I can see that for some families formula feeding could be more "convenient." I think it depends on what your goals and needs are. But I think that some mothers might lose out on the emotional benefits of breastfeeding by judging the "ease" of feeding a child only by the practical breast or formula comparison. For me, nursing is the best meditation and focusing link to my child - no matter what's going on or how stressed out I was, when I'm nursing my little one all the hubbub and bustle of life falls away and I find that wonderful calm focus and love for my child back in centerstage. In this way alone, breastfeeding makes my life far easier and helps me to simplify.
post #115 of 420
I haven't done both (bf only) but it seems as though FF is percieved as easier because it utilizes a skill set that you already *have* (i.e. measuring, pouring, heating, cleaning) while bf utilizes skills that both you *and* baby have to learn in the beginning. My experiences with breastfeeding, once past the initial stuff (sore nips etc.) was extremely easy... and even covering up, back when I was embarrassed about NIP wasn't what I would consider difficult. My dd *never* took to the bottle, though, so my experience w/formula feeding was horrifically difficult. She was screaming, refused to let the bottle touch her lips, etc. not too fun, to say the least. We gave up... it was too hard and we had something that worked well... the FF was just to be a "luxury" so dh, MIL, and whoever could take part in feeding... a few months later dd started solids... they just got to wait.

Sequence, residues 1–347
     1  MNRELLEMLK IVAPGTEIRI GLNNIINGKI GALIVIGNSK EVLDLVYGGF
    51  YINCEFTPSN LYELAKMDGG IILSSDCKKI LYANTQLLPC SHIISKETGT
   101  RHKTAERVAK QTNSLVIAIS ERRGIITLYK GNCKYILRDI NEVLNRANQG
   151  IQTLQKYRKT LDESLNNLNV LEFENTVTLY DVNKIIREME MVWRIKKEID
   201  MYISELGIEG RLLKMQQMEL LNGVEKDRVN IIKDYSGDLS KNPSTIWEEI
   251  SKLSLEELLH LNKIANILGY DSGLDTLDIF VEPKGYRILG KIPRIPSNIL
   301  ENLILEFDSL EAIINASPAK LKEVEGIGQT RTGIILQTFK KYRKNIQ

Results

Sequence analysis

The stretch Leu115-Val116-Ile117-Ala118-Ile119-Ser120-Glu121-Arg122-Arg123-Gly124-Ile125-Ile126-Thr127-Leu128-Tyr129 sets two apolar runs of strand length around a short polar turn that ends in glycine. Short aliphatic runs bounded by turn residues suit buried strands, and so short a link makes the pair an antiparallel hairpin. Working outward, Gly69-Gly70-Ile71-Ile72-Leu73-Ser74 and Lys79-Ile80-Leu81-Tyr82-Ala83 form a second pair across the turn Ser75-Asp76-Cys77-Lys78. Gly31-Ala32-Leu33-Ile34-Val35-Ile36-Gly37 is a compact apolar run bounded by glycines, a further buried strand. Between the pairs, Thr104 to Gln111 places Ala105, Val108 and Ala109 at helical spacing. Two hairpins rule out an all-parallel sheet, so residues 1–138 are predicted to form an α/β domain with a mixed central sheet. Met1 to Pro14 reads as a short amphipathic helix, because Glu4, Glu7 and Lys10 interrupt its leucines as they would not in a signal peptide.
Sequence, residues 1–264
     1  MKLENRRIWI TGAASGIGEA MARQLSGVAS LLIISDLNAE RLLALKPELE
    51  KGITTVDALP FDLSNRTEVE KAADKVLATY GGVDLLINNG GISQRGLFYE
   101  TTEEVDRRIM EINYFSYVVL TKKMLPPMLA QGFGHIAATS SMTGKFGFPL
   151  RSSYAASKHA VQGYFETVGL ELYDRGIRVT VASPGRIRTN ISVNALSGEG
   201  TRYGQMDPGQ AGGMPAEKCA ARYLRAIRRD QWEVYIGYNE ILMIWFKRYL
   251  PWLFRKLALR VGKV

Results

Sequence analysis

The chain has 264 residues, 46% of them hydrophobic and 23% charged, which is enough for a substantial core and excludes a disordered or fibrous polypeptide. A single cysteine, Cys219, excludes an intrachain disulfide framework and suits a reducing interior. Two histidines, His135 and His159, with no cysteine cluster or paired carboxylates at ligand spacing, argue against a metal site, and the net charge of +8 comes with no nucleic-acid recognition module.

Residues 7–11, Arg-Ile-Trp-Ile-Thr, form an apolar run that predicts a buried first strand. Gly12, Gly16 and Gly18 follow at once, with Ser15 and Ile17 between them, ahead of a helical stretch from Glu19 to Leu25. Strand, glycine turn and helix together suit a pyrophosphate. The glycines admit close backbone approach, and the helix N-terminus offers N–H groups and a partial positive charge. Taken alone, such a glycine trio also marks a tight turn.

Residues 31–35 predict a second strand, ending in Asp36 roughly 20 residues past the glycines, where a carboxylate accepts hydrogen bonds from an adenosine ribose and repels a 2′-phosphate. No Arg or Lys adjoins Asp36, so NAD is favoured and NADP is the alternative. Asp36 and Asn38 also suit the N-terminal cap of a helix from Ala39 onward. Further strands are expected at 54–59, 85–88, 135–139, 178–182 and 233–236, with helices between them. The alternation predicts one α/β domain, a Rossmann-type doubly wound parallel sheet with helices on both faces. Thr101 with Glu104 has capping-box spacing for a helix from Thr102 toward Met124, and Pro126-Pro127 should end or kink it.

post #116 of 420
Quote:
Originally Posted by M2Mommie View Post
The thing I really don't understand is why anyone gives a rat's arse how I feed my child. I guess I won't be hanging around here much because I don't need such condescending crap cluttering up my day. Holy cow women.. get a grip!